Hang on to Your Car for Now – Then Buy an EV
Plunging battery costs to make electric vehicle prices competitive by 2023
Electric vehicles are cheaper to operate (no gasoline to pump) and maintain (fewer moving parts), but higher sticker prices scared off all but 6% of new car buyers, as of 2020.
That’s about to change.
As early as 2023, experts expect, the cost of building an electric car will be on par with the cost of making a similar gas-powered model.
The reason is the rapidly falling cost of producing the battery packs for electric cars. The way the industry measures this is the price per kilowatt hour (kWh). In 2010, the cost for a battery pack was more than $1,000/kWh, according to Bloomberg BNEF. In 2020 it reached $126. When that price falls to $100 it is expected the cost to build an electric car will be no more than the cost to roll a similar gasoline-powered car off the assembly line. That is expected to happen as early as 2023.
Moreover, an analysis by engineers at Carnegie Mellon University anticipates that by 2025 a battery pack price of around $80/kWh will result in EV sticker prices being lower than similar conventional cars.
That prompts a bit of advice, particularly for those wanting to lighten their carbon footprint while looking after household finances: If you can, wait a few, buy an EV, and save some money. Even if you only wait until EV sticker prices are on par with conventional cars, the lower cost to drive and maintain the EV can reduce your monthly car costs by a few hundred dollars.
With traditional automakers investing tens of billions of dollars to compete against Tesla in the EV market, car buyers could also enjoy vigorous price competition for electrics in coming years.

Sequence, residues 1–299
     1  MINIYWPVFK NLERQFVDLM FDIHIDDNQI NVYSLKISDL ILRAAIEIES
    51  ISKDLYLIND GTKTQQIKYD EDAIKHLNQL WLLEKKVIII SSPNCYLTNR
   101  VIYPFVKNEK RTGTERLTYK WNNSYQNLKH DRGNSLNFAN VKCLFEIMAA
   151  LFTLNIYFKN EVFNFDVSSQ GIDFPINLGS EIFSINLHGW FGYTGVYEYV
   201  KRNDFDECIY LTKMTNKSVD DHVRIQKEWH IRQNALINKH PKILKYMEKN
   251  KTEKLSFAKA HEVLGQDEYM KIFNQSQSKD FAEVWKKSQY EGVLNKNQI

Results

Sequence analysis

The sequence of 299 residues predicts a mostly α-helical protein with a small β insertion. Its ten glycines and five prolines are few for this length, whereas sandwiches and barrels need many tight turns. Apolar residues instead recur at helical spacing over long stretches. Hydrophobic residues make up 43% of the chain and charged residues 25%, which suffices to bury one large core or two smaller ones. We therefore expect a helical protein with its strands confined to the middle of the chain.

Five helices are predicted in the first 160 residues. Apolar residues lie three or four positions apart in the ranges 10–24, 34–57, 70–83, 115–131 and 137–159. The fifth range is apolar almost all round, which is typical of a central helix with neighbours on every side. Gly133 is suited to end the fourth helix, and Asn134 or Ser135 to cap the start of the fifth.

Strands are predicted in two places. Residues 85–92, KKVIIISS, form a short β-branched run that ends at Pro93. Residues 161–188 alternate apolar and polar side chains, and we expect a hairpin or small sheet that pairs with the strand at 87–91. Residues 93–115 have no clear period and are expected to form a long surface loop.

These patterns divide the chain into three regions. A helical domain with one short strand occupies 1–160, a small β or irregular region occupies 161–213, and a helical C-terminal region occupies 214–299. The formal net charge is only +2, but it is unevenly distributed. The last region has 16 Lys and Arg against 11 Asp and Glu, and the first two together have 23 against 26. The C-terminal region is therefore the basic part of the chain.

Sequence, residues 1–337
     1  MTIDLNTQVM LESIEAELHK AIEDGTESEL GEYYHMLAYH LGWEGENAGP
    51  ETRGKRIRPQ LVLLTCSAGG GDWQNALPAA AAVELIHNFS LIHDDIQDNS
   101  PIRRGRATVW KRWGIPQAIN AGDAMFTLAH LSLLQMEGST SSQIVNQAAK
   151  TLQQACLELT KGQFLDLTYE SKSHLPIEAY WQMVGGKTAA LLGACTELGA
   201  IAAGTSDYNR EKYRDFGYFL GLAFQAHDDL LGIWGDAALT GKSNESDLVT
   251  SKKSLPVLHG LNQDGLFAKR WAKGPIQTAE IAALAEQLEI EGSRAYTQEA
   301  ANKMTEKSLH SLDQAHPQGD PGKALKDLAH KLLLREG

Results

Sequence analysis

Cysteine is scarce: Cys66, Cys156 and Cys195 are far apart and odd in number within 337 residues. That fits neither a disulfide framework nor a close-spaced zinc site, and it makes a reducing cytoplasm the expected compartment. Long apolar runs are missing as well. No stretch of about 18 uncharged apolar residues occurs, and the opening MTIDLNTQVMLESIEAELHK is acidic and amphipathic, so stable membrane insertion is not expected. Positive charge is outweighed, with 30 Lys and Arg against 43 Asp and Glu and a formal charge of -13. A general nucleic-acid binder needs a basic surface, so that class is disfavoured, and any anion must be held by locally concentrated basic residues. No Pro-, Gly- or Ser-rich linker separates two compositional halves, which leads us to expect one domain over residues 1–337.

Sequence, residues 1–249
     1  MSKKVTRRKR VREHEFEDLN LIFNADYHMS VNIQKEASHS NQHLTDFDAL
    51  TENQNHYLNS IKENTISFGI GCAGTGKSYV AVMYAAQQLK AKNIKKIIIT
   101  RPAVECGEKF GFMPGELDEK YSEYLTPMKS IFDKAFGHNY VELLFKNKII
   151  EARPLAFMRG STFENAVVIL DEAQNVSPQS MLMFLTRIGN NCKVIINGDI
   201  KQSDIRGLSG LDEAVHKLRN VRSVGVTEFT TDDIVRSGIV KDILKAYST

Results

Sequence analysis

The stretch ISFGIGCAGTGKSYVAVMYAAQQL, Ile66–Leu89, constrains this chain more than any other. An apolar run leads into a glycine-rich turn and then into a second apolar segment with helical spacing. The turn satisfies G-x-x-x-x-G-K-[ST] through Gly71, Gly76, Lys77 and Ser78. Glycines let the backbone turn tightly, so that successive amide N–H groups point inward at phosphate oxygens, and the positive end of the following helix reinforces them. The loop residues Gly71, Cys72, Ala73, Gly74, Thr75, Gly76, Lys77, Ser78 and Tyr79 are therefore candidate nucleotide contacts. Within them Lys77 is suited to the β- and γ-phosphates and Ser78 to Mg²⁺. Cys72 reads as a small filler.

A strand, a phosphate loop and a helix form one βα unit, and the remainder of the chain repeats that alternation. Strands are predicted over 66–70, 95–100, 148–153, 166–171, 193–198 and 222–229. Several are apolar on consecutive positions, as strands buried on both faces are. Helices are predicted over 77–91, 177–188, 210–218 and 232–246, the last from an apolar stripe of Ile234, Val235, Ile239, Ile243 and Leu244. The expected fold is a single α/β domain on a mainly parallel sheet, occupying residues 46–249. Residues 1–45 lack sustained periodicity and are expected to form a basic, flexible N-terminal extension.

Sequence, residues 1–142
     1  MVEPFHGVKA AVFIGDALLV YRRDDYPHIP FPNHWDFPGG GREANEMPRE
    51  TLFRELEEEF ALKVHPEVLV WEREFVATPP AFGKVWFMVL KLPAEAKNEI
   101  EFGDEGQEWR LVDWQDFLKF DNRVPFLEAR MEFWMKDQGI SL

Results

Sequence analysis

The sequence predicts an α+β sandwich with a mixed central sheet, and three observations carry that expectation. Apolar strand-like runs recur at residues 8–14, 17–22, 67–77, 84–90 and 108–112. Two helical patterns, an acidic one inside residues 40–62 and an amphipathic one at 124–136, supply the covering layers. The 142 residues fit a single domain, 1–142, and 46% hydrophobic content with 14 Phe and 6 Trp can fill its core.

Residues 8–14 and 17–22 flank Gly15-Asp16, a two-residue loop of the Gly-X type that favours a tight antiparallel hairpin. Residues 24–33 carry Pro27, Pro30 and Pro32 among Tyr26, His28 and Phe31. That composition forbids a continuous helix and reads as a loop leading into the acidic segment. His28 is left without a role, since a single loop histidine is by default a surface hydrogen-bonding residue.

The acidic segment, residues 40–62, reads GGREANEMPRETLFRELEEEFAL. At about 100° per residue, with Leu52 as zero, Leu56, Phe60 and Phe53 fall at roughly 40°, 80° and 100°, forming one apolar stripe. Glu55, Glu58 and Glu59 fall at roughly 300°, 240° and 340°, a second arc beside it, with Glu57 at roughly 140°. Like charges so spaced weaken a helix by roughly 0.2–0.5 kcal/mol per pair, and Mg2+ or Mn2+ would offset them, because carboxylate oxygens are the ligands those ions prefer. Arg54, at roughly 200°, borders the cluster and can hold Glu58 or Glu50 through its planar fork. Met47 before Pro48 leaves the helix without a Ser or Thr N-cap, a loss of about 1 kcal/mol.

A 2020 analysis by Consumer Reports estimates that the average lifetime cost to recharge an EV is 60% less than the average cost to refuel an internal combustion engine vehicle. Even if gas prices remain at current lows, the EV fuel costs are about one-third lower.
Improvements in battery mileage are an interesting factor in the fuel cost advantage. Many EV models now have a driving range of at least 250 miles. Based on that fact, Consumer Reports’ calculation presumes that given normal driving patterns for the majority of households, more than 90% of recharging will happen at home, and the need to use expensive fast-charging public stations will be limited to just six times a year on average.
Based on 15,000 miles of driving — a typical first year — Consumer Reports estimates an EV car owner saves nearly $800 in fueling costs compared to a gas car. For an SUV/crossover, the savings for the EV is $1,200 and for pickup enthusiasts, the savings is $1,310.
Fewer moving parts in EVs also make for lower maintenance costs. Consumer Reports estimates average lifetime (200,000 miles) maintenance costs for an EV to average $4,600 in today’s dollars compared to $9,200 for the gas-powered car. Even if you need to shell out $1,500 or so to install an at-home charger, you’re still coming out way ahead.
If waiting isn’t practical — your current car is on its last legs — consider buying a cheap but reliable used car that gets you through the next few years while you wait for the coming sweet spot to buy an electric car.
And even if you don’t see yourself as an electric car type, spending a ton today on a conventional gas-powered car could be an especially risky move when it’s time to trade in seven to 10 years from now. If, as expected, electric cars become the cost-effective choice, the value for an old-school conventional car will likely depreciate even more than does standard today.